The typical Houston fall weather tease is weeks past. It won’t be long before Terry Hershey Park trails are filled with hikers, cyclists and strolling families enjoying comfortable weather. And that makes it a good time to brush up on trail etiquette and safety.
When the trails are crowded, it’s easy to have a safe outing by taking a few precautions.
Watch that Retractable Leash
Man’s Best Friend is at the top of the potential danger list. In many parks nationwide, the No. 1 cause of falls involves dogs. Extendable, retractable leashes are one of the reasons. They are simply harder for oncoming cyclists to see, giving room for dogs to bolt out unexpectedly in front of an oncoming riders. Even standard 8-foot leashes can cause problems if they are stretched across the trail like a trip wire. Stay aware of other trail users and keep dogs under control.
Cyclists: Make Your Intentions Clear
Too often a walker gets in front of a passing cyclist. The danger to both pedestrian and cyclist alike can easily be avoided by calling out "keep right" or “on your left” or simply by ringing a bike bell prior to passing. Get in the habit and your ride will go smoother.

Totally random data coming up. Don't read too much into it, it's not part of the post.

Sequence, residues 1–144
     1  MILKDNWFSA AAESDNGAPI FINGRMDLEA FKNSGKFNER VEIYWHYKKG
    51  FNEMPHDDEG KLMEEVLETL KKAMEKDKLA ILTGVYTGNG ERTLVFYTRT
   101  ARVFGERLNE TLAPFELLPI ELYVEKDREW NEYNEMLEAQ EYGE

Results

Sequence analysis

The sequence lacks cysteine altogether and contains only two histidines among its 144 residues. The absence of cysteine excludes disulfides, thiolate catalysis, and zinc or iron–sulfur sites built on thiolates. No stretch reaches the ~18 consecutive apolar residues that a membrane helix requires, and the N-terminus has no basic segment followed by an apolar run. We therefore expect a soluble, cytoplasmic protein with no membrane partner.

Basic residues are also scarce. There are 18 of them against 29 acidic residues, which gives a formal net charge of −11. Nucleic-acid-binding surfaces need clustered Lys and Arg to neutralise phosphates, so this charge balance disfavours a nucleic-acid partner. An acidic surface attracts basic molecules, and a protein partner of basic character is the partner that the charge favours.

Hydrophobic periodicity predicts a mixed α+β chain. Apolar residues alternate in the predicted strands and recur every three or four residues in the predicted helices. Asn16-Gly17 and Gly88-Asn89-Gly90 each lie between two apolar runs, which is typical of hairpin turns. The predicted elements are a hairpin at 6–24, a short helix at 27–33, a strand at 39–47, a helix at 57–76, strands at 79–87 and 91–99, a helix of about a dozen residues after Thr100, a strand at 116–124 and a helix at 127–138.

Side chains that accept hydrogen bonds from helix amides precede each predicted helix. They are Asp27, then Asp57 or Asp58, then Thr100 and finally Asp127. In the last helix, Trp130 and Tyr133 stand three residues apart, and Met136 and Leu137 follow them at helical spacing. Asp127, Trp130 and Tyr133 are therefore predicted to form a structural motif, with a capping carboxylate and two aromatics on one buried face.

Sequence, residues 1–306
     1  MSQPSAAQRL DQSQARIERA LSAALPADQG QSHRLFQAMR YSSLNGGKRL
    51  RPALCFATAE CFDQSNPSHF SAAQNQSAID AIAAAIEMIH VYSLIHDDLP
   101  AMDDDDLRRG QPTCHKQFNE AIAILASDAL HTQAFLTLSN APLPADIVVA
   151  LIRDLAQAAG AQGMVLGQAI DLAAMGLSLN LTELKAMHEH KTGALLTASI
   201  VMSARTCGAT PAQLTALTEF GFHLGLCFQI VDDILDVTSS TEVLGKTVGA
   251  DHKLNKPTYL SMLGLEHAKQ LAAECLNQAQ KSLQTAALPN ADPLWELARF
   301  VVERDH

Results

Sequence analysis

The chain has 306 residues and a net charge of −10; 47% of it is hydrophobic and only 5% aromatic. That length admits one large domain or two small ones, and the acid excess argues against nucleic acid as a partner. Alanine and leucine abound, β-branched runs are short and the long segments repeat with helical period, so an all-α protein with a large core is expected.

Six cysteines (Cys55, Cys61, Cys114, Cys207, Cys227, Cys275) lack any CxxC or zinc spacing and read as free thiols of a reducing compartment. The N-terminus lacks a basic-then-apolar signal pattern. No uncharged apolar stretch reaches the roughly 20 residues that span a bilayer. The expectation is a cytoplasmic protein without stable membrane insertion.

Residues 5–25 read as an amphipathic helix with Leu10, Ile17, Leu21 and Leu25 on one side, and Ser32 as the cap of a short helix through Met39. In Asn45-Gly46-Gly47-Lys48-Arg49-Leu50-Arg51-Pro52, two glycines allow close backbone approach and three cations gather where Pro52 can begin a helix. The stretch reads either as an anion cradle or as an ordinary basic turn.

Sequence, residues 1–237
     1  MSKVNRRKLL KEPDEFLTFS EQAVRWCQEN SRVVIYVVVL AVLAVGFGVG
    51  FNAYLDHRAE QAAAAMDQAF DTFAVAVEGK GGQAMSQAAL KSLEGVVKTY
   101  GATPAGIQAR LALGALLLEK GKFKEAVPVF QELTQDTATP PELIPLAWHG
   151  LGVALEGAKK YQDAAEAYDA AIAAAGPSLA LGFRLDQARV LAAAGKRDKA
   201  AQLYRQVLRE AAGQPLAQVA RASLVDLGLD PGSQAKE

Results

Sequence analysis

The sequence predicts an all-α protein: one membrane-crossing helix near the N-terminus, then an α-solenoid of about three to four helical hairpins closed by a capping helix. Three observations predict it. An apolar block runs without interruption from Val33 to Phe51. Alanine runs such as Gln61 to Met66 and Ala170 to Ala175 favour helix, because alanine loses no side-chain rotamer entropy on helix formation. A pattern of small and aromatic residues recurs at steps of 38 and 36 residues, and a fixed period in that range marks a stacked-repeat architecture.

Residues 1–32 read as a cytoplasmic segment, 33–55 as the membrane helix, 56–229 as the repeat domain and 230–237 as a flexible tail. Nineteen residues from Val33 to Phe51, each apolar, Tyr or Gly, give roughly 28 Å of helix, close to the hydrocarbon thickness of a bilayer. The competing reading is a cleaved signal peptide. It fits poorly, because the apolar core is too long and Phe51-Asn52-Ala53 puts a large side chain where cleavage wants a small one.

Playing loud audio through an earphone or headphone poses real dangers on the trails, according to accident stats. There’s just no way to hear a warning call or a ringing bell. If you must crank the tunes, then stay clear to the right side of the trail. Better yet, enjoy nature’s sounds for a safer workout.
Parking Lot Temptation
Crooks have been known to scope out fitness buffs getting out of their vehicles at parks. They know those people will be gone for a while. Thwart their nefarious plans by parking valuables out of sight. It seems obvious, but recent police checks of lots in public parks proves many people leave plenty of desirable, pawnable goodies in plain sight.
Yield to Pedestrians and Keep Trail Conditions in Mind
With the wind flying through your helmet, it’s easy to get caught up in the ride. Share some empathy for the walkers and joggers. Riding fast as you pass hikers or slower cyclists increases the likelihood of having a bad accident. If the trail is full of seniors and families, give them a break by slowing down and giving wide berth. One day you might be in their shoes.